Aaret efter kom den tredie Søster derop, hun var den dristigste af dem Alle, derfor svømmede hun op ad en bred Flod, der løb ud i Havet. Deilige grønne Høie med Viinranker saae hun, Slotte og Gaarde tittede frem mellem prægtige Skove; hun hørte, hvor alle Fuglene sang og Solen skinnede saa varmt, at hun tidt maatte dykke under Vandet, for at kjøle sit brændende Ansigt. I en lille Bugt traf hun en heel Flok smaa Menneskebørn; ganske nøgne løb de og plaskede i Vandet, hun vilde lege med dem, men de løbe forskrækkede deres Vei, og der kom et lille sort Dyr, det var en Hund, men hun havde aldrig før seet en Hund, den gjøede saa forskrækkeligt af hende, at hun blev angst og søgte ud i den aabne Søe, men aldrig kunde hun glemme de prægtige Skove, de grønne Høie og de nydelige Børn, som kunde svømme paa Vandet, skjøndt de ingen Fiskehale havde.
Den fjerde Søster var ikke saa dristig, hun blev midt ude paa det vilde Hav, og fortalte, at der var just det deiligste; man saae mange Mile bort rundt omkring sig, og Himlen ovenover stod ligesom en stor Glasklokke. Skibe havde hun seet, men langt borte, de saae ud som Strandmaager, de morsomme Delphiner havde slaaet Kolbøtter, og de store Hvalfiske havde sprøitet Vand op af deres Næseboer, saa at det havde seet ud, som hundrede Vandspring rundt om.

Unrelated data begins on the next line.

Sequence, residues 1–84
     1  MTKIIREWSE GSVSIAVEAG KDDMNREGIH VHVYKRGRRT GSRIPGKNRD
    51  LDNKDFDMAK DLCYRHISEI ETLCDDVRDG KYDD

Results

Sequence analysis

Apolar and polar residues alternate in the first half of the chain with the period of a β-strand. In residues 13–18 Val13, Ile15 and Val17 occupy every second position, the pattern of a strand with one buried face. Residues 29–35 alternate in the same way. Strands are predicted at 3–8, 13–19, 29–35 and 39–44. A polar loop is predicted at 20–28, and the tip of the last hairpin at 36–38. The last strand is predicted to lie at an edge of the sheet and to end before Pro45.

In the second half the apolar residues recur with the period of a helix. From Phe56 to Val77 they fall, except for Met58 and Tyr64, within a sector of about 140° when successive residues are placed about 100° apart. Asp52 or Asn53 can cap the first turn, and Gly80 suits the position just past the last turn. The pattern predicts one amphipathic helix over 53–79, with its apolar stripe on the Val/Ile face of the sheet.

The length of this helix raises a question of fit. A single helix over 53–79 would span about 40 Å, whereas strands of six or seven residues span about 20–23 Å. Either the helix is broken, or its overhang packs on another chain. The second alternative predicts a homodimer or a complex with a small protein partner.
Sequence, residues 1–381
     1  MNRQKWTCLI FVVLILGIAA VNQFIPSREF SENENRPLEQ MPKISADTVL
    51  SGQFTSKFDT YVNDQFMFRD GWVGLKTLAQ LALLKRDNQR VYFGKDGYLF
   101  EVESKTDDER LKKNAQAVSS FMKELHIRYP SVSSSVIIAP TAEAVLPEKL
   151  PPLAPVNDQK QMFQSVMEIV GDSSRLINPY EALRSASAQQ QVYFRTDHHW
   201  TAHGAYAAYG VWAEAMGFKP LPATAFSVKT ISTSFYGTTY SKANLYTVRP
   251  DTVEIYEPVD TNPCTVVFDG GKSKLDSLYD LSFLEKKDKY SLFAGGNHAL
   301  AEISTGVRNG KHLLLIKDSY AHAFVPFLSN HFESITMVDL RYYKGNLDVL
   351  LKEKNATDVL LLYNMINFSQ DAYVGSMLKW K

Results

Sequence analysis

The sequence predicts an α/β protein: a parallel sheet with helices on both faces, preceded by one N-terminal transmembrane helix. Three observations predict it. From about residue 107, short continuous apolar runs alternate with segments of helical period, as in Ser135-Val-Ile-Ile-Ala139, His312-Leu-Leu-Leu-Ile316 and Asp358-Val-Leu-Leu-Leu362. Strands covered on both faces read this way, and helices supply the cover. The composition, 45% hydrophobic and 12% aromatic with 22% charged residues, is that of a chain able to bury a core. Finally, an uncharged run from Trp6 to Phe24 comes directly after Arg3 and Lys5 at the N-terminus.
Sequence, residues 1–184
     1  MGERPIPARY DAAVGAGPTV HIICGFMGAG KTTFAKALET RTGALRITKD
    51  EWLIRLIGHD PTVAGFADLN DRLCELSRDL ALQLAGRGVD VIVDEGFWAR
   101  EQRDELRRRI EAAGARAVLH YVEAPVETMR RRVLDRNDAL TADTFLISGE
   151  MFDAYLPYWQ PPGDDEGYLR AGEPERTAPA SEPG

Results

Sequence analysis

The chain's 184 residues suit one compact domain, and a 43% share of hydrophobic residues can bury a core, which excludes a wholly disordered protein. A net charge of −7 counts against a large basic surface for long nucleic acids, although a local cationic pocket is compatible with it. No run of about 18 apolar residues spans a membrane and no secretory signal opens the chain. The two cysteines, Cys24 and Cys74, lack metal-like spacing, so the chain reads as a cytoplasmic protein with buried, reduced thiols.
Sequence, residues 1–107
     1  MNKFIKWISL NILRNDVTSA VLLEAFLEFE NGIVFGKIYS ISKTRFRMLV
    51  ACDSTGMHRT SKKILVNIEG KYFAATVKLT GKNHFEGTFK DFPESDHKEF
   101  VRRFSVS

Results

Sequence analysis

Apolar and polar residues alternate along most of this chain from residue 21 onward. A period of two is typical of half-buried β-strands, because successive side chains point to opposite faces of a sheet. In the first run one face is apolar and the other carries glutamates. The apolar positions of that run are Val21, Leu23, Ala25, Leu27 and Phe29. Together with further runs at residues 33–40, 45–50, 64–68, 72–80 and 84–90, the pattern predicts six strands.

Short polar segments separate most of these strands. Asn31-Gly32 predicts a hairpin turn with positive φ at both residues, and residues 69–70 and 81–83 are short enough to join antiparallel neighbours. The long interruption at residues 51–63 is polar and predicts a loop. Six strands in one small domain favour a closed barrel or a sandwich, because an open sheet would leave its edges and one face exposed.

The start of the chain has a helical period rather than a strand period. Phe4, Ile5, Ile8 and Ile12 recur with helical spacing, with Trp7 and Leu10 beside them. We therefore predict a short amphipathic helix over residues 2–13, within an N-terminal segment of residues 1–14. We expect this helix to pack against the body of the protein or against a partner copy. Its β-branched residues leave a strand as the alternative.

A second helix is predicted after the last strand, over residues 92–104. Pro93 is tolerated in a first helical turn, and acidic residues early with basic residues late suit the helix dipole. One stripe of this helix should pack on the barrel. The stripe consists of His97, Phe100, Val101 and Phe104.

Nu kom Touren til den femte Søster; hendes Geburtsdag var just om Vinteren og derfor saae hun, hvad de andre ikke havde seet første Gang. Søen tog sig ganske grøn ud og rundt om svømmede der store Iisbjerge, hvert saae ud som en Perle, sagde hun, og var dog langt større end de Kirketaarne, Menneskene byggede. I de forunderligste Skikkelser viste de sig og glimrede som Diamanter. Hun havde sat sig paa et af de største og alle Seilere krydsede forskrækkede uden om, hvor hun sad og lod Blæsten flyve med sit lange Haar; men ud paa Aftenen blev Himlen overtrukket med Skyer, det lynede og tordnede, medens den sorte Sø løftede de store Iisblokke høit op og lod dem skinne ved de røde Lyn. Paa alle Skibe tog man Seilene ind, der var en Angst og Gru, men hun sad rolig paa sit svømmende Iisbjerg og saae den blaae Lynstraale slaae Zikzak ned i den skinnende Sø.